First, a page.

Kyrgyzstan sees strong growth in the mobile broadband market
The telecommunications sector in Kyrgyzstan has been generally characterised by an open market that welcomes both foreign and domestic investors. This has been effectively done in accordance with the requirements set down by the WTO. Despite the market being fully competitive' there remained more to be done on the regulatory front to take full advantage of the reforms already in place. There also remains a culture of poor transparency in some aspects of corporate behaviour; this needs to be addressed if the telecom market is to reach its full potential.
The telecom sector has been part of the final phase of a large scale privatisation program that has been steadily progressing in the country since 1992.
The start of market reforms saw the state telecommunications agency, Kyrgyztelecom, begin to expand and upgrade its legacy telecom network, which at the time was out-dated and poorly distributed. With the expansion of the telecoms sector, upgraded standards have been adopted. At the same time, a new regulatory authority the National Communications Agency which later became known as the National Agency for Information Resources, Technologies and Communication - was set up to oversee the sector. At an early stage, Kyrgyztelecom was restructured as a public corporation and the government moved towards a partial sale of the operator to the private sector. Around 10% of the company quickly passed into private hands. After a series of failed attempts to sell off the government shareholding, the government continued to hold almost 78% of Kyrgyztelecom.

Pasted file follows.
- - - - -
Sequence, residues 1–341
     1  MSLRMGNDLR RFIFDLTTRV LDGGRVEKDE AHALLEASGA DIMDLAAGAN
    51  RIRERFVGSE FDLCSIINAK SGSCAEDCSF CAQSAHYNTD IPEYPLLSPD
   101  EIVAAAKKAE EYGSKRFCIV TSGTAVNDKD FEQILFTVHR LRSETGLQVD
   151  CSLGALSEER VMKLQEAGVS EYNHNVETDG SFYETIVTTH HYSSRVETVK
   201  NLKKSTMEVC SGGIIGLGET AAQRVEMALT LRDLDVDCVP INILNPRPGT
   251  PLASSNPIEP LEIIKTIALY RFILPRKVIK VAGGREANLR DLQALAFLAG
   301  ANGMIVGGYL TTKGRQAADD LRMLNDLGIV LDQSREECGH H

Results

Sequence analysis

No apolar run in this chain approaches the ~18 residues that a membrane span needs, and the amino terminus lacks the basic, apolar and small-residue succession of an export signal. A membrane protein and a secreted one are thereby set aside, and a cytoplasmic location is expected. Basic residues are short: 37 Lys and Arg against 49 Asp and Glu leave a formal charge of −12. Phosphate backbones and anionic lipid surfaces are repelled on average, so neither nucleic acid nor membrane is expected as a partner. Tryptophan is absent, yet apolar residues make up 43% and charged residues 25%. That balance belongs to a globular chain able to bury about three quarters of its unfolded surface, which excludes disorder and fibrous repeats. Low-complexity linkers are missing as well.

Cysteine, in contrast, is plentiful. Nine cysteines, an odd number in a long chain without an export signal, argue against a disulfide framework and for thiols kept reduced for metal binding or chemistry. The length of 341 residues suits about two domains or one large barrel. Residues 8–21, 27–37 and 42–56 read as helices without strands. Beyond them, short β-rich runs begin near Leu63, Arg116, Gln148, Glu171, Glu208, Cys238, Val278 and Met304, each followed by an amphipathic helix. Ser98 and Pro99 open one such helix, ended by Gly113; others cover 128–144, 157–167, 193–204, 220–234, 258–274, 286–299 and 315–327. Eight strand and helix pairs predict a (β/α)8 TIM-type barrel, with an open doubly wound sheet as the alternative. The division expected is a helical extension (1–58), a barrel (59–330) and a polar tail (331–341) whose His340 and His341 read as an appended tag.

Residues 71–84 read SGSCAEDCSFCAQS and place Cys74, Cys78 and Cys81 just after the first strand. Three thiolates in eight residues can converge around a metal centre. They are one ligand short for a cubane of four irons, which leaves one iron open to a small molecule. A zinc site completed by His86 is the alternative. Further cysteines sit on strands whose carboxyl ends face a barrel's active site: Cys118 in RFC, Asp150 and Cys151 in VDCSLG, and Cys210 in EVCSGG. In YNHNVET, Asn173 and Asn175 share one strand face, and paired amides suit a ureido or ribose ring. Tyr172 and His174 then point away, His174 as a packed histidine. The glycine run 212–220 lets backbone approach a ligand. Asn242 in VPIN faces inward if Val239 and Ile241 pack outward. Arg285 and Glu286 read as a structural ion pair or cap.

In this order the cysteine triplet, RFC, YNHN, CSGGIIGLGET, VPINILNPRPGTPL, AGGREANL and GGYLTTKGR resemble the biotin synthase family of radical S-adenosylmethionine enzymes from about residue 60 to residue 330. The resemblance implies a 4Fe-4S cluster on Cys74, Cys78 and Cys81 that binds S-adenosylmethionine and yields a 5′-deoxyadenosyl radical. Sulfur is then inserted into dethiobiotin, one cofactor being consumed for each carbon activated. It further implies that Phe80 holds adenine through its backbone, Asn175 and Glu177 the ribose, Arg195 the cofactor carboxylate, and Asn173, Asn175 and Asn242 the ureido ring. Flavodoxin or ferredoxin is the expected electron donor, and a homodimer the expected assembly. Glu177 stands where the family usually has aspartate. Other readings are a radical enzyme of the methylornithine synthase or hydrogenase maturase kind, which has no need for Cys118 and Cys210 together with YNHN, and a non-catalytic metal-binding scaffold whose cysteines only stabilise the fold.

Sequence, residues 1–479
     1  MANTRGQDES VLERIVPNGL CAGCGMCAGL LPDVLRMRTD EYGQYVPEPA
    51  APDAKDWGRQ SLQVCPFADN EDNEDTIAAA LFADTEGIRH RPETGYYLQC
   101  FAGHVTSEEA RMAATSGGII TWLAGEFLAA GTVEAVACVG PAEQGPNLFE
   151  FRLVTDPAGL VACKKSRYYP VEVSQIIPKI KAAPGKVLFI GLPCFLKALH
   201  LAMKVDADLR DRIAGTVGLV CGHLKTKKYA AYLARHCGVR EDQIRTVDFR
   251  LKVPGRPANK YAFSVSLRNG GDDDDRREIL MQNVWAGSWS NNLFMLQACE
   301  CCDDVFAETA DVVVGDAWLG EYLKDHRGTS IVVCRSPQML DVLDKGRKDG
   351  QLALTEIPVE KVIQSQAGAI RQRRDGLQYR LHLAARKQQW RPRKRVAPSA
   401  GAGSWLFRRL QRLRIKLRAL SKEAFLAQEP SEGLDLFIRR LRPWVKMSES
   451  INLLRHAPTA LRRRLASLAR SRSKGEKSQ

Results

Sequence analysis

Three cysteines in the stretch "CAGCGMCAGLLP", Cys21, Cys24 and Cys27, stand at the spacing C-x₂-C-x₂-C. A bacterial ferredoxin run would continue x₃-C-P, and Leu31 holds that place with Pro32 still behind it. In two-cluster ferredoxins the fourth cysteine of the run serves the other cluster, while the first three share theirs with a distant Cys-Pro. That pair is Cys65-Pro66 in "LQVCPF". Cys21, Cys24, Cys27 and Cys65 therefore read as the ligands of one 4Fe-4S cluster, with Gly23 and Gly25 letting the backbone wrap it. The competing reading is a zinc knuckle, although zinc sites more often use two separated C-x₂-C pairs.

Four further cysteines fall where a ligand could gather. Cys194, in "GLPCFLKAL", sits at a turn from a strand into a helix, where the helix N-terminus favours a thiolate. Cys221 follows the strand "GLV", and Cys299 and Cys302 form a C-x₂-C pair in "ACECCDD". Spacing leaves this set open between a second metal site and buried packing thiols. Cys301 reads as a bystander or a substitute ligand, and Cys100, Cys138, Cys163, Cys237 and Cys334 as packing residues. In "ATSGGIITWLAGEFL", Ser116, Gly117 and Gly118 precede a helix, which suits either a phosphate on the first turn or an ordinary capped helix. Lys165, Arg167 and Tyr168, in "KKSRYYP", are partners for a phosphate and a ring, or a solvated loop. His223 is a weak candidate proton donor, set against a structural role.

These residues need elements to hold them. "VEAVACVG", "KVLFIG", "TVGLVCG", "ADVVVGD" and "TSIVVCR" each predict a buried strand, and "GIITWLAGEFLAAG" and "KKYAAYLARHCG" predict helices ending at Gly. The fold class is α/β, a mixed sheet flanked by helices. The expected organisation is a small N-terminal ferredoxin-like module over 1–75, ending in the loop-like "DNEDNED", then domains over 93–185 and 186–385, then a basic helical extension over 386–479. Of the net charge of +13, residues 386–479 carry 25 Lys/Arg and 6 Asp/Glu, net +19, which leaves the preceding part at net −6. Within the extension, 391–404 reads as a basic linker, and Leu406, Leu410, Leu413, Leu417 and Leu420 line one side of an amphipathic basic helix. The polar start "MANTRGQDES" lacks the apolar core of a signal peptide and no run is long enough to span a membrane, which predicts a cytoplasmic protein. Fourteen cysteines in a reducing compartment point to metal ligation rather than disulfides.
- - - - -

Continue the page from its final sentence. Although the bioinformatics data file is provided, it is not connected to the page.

In the meantime, private operators, which actively function in the mobile market and in the provision of internet services, have been actively investing in the necessary infrastructure. The two big GSM operators Sky Mobile (Beeline) and MegaCom have continued to dominate the market, claiming around 75% of the total mobile subscriber base between them. They have been joined by Nur Telecom;
The mobile subscriber growth rate in 2015 and 2016 was a flat 0.2% as the market reached 7,595,000 subscribers in 2016. The mobile market is now mature. Further slow growth is also predicted over the next five years to 2021. Mobile broadband continues to grow strongly. The 4G mobile market is slowing growing as major operators launch services.
Over the past few years there has been particularly strong growth in mobile broadband subscriptions. This phenomenon is rapidly changing the shape of the internet market. The active mobile broadband subscriber penetration reached 33% in 2016.
During 2012 to 2016 the internet penetration in Kyrgzstan has been increasing steadily, increasing from 23% in 2012 to 30% in 2015 and 32% in 2016. The percentage of households with the internet has risen from 8.7% in 2013 to 16.5% in 2016.
Fixed broadband penetration continues to grow strongly but from a very small base. It reached 4.4% in 2016, up from 2.4% in 2013 and 0.9% in 2012.
The international internet bandwidth has risen significantly over the last five years rising from 1,200 Mb/s in 2010 to 12,700 in 2015.
Nur Telecom expanded its LTE coverage to the cities of Osh and Jalal-Abad, adding to its existing coverage in Bishkek and Naryn.
Megacom launched its 4G LTE network in the cities of Bishkek, Osh and Jalal-Abad.
Sky Mobile introduced its 4G LTE network to all regions across the country.
The NCA disconnected all non-registered SIMs from 1 February 2016.
The Ministry of Transport and Communications (MoTC) proposed to postpone the introduction of MNP to 2018.
VimpelCom Ltd partnered with ZTE Corporation to build a complete virtual network infrastructure providing 4G/3G/2G mobile data services.
Kyrgyzstan relaunched an auction for defunct CDMA company Zheti Mobile.
Kyrgyzstan is scheduled to complete the transition from analogue to digital terrestrial television (DTT).
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